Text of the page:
This e-learning module will help physicians identify the standard process of informed consent and how to handle situations when patients cannot give informed consent.
Code of Medical Ethics Opinion 2.2.1
Unlike health care decisions for most adult patients, decisions for pediatric patients usually involve a three-way relationship among the minor patient, the patient’s parents (or guardian), and the physician. Although children who are emancipated may consent to care on their own behalf, in general, children below the age of majority are not considered to have the capacity to make health care decisions on their own. Rather, parents or guardians are expected, and authorized, to provide or decline permission for treatment for minor patients. Nonetheless, respect and shared decision making remain important in the context of decisions for minors, and physicians have a responsibility to engage minor patients in making decisions about their own care to the greatest extent possible, including decisions about life-sustaining treatment.
Decisions for pediatric patients should be based on the child’s best interest, which is determined by weighing many factors, including effectiveness of appropriate medical therapies and the needs and interests of the patient and the family as the source of support and care for the patient. When there is legitimate inability to reach consensus about what is in the best interest of the child, the wishes of the parents/guardian should generally receive preference.
For health care decisions involving minor patients, physicians should:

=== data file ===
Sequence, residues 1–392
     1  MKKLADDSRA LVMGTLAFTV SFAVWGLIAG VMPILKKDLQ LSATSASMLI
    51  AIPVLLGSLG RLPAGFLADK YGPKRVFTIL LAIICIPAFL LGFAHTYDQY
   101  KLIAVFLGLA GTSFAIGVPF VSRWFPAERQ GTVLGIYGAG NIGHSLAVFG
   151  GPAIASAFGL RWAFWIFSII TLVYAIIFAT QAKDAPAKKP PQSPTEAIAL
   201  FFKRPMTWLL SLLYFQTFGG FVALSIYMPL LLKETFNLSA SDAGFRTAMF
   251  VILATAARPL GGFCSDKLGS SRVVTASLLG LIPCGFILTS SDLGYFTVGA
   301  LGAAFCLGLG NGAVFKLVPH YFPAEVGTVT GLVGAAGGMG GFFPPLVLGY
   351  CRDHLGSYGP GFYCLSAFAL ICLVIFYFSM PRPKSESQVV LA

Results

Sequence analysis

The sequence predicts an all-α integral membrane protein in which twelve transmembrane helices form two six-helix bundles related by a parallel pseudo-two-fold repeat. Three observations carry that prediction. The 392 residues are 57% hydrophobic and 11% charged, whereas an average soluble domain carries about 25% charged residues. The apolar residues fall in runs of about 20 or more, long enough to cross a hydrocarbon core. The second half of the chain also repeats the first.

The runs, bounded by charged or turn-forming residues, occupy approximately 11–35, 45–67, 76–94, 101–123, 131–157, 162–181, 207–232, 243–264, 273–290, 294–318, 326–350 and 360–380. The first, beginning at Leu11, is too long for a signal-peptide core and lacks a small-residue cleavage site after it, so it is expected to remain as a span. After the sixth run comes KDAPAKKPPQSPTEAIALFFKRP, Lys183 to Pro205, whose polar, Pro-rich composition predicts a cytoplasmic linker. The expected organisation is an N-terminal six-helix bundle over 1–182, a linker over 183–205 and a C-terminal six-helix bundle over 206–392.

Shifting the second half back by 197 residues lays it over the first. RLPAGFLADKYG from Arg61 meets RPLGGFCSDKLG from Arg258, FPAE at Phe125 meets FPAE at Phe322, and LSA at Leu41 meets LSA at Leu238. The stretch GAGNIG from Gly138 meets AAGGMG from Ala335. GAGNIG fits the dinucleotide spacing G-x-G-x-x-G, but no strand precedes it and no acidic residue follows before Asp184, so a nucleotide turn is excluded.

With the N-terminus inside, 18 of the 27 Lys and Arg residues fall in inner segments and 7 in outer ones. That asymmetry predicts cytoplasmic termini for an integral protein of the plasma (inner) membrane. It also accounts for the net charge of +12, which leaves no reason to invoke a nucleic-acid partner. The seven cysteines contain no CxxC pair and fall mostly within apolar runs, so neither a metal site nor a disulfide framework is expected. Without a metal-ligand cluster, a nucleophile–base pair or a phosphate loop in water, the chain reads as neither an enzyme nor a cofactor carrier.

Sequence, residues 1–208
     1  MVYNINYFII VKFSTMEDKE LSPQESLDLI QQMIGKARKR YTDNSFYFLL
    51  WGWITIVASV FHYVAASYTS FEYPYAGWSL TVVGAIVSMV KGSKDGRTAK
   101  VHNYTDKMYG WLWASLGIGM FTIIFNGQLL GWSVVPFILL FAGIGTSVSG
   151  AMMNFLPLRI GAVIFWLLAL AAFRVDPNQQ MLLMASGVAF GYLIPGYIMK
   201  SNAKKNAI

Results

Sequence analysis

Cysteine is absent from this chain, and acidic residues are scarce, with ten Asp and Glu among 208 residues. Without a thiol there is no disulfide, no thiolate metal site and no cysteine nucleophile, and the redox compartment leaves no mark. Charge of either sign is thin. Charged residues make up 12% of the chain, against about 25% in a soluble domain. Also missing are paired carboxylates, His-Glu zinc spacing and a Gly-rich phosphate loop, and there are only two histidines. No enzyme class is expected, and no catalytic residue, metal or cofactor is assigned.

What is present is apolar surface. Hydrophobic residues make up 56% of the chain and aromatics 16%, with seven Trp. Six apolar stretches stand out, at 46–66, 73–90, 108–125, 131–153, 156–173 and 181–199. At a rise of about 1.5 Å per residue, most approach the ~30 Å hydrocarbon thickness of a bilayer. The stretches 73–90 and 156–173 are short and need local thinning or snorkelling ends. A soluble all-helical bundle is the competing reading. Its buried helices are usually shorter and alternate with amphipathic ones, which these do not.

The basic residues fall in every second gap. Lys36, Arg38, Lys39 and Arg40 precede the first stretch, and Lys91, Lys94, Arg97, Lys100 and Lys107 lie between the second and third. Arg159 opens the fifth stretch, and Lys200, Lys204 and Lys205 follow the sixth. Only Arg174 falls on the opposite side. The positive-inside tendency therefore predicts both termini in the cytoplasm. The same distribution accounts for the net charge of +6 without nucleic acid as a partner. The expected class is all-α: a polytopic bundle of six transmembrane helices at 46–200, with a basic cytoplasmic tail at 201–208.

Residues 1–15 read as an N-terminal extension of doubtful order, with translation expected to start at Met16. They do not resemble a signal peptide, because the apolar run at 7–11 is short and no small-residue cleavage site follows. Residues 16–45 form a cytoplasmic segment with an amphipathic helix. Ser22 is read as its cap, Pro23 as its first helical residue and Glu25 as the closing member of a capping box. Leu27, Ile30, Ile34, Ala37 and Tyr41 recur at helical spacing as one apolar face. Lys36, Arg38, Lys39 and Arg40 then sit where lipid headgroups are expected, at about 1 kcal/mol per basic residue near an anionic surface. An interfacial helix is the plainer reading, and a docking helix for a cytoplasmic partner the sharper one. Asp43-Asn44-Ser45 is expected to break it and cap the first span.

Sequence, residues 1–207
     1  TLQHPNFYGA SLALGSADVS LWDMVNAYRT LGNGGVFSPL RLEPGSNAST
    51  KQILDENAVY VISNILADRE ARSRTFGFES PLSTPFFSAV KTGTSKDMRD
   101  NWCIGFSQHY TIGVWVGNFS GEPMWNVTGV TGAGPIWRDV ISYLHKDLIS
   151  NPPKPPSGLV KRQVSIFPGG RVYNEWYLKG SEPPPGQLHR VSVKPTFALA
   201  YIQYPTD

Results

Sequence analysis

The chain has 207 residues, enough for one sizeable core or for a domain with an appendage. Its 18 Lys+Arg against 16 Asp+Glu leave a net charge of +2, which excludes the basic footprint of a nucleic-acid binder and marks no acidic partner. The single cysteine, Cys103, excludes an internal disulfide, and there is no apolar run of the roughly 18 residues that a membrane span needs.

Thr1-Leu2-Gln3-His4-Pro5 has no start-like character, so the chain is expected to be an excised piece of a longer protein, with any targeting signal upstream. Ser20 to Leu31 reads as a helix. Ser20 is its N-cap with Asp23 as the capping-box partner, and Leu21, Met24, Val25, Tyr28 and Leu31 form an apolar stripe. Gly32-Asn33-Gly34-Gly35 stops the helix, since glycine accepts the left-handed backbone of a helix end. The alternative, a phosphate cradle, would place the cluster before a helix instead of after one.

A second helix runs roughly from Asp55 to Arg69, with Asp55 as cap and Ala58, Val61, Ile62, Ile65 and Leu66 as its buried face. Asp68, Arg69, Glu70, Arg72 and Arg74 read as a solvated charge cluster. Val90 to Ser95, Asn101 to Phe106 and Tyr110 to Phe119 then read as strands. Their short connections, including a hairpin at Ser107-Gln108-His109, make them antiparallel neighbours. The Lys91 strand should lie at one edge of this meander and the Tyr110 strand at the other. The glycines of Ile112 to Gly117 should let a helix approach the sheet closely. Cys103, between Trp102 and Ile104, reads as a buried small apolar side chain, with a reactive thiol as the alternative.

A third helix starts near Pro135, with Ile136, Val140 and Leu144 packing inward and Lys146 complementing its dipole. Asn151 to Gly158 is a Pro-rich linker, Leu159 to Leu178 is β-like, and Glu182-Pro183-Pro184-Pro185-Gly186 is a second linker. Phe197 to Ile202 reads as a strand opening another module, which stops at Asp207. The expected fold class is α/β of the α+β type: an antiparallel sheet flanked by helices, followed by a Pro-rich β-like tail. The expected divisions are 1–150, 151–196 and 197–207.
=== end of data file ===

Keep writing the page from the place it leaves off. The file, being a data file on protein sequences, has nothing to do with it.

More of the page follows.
(a) Involve all patients in decision making at a developmentally appropriate level.
(b) Base recommendations for treatment on the likely benefit to the patient, taking into the effectiveness of treatment, risks of additional suffering with and without treatment, available alternatives, and overall prognosis.
(c) For patients capable of assent, truthfully explain the medical condition, its clinical implications, and the treatment plan in a manner that takes into account the child’s cognitive and emotional maturity and social circumstances for patients capable of assent.
(d) Provide a supportive environment and encourage parents to discuss their child’s health status with the patient. Offer to facilitate the parent-child conversation for reluctant parents.
(e) Recognize that for certain medical conditions, such as those involving HIV/AIDS or inherited conditions, disclosing the child’s health status may also reveal health information about biological relatives or disrupt existing presumptions about the child’s relationships within the family.
(f) Work with parents/guardians to simplify complex treatment regimens whenever possible and educate parents in ways to avoid behaviors that put the child or others at risk.
(g) Ensure that when decisions involve life-sustaining interventions, patients have opportunity to be involved in keeping with their ability to understand decisions and their desire to participate. Physicians should ensure that the patient and parents/guardian understand the patient’s diagnosis, both with and without treatment. Physicians should discuss with the patient and parents/guardian of initiating an intervention with the intention of evaluating its clinical effectiveness after a specified amount of time to determine if it has led to improvement. Confirm that if the intervention has not achieved agreed-on goals it may be withdrawn.
(h) Respect the decisions of the patient and parents/guardian when it is not clear whether a specific intervention promotes the patient’s best interests.
(i) Seek consultation with an ethics committee or other institutional resource when:
- There is a reversible life-threatening condition and the patient (if capable) or parents/guardian refuse treatment the physician believes is clearly in the patient’s best interest.
- There is disagreement about what the patient’s best interests are. Physicians should turn to the courts to resolve disagreements only as a last resort.
(j) Provide compassionate and humane care to all pediatric patients, including patients who forgo or discontinue life-sustaining interventions.
AMA Principles of Medical Ethics: IV, VIII